Maryjo always grinned and gave me a knowing look when the guys would call me idget (because I was “too small to be a midget”). They always treated me like one of their own… a middle sister. And I always felt so at home with them all and Mrs. Morin was a big part of that.
As tears dry on my cheeks after the news of her passing, I take comfort in knowing she found her way home. I’d like to think that she is again that woman – healthy, vibrant, full of spark – that I remember from all those years ago. Pain free, and rejoicing in all the blessings she has known.
My heart goes out to the Morin family. I can only imagine the feelings they must be coping with as they experience her loss. Maryjo was the hub of their home. You knew wherever she was you would find compassion, joy, laughter and tenderness. I will always hold her in my heart – a heart full of gratitude for all she gave me. She will be remembered with fondness, love, and appreciation.
There are few things as truly good for the soul as dark rich soil and all the life contained within. Of course, there are few things as jarring for the body as cultivating a yard gone to meadow and then planting said yard with perennials. So while my mind and heart sing out a blissful YES, my body wimpers, sobs, and groans in protest – but it’s worth it.
One of the greatest tools for ripping apart the surface of a yard yet to become garden is the Garden Claw. And for my parent’s purchase of said tool years ago I am grateful. It takes some work; jabbing it into the ground, twisting and wrenching, ripping up that tough top layer filled with root and unwanted growth. My arms were already sore from the previous begun cultivation, but without this particular tool? I can’t imagine the work it would have been. With all the tree roots in our yard, there was no mechanized way to really dig in – and I don’t mind having the chance to feel truly involved with this process.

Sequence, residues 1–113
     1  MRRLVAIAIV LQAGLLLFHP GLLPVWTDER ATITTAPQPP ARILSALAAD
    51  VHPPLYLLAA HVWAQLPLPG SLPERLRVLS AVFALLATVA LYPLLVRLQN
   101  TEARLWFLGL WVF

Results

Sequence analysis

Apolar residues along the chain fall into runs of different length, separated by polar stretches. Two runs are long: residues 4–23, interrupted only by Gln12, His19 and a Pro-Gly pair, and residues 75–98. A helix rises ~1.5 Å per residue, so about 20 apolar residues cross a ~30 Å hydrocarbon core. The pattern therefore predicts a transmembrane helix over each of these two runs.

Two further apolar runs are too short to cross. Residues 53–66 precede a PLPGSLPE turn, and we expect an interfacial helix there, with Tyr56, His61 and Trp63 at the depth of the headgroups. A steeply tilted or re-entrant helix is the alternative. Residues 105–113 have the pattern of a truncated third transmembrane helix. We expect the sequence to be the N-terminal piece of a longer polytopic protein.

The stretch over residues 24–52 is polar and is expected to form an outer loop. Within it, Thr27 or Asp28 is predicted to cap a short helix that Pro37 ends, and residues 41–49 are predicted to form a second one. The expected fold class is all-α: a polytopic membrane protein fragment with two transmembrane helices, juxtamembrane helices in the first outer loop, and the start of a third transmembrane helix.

There isn’t much that’s all that gratifying about jabbing, twisting, and pulling up clumps with the Garden Claw… nor is there much to take joy in while you use your hand fork to rake through the mess pulling out unwanted plant and root – inch by inch. Shaking loose the dirt held within each clump. But the next step? It makes it all worth the effort!
Feeling that dark rich soil that waited for you, hidden just beneath? It’s pure heaven. Watching and discovering the infinite life contained within stirs the soul in ways nothing else does. Connecting with the Earth at the most basic level, on your hands and knees as you commit each tiny plant to it’s home.
I’m not a gardener. I don’t know the names of all the crawling creeping things within the soil, nor do I know the names (common or proper) of the perennials we planted the last couple of days. But I do know that we all need to find a way to connect to our Earth. If you ever need to see deity, to feel the Earth breathe life and to know that we are all connected? There is no simpler way to do so than to pick up a trowel and go find a patch of dirt that has been lying in wait for someone to tend it – to turn it from dirt to soil. To create with it something amazing.
A bit cornball? Maybe. But that’s me.
I’m kinda tired and I don’t much feel like telling a long story. So I figure I’ll just share a few snapshots from our day.
Now… I’m posting this with my fingers crossed, as I’m doing so from my phone. Hopefully it works and the formatting isn’t all goofy. LOL
Sending out tons of love to all the moms (to both skinkids and furkids) and would-be moms. You’re all awesome! We may make different choices, and parent in different ways, but we all make the best choices we can for our individual families… It’s not always easy, and it takes guts, but it’s so worth it. Happy Mother’s Day!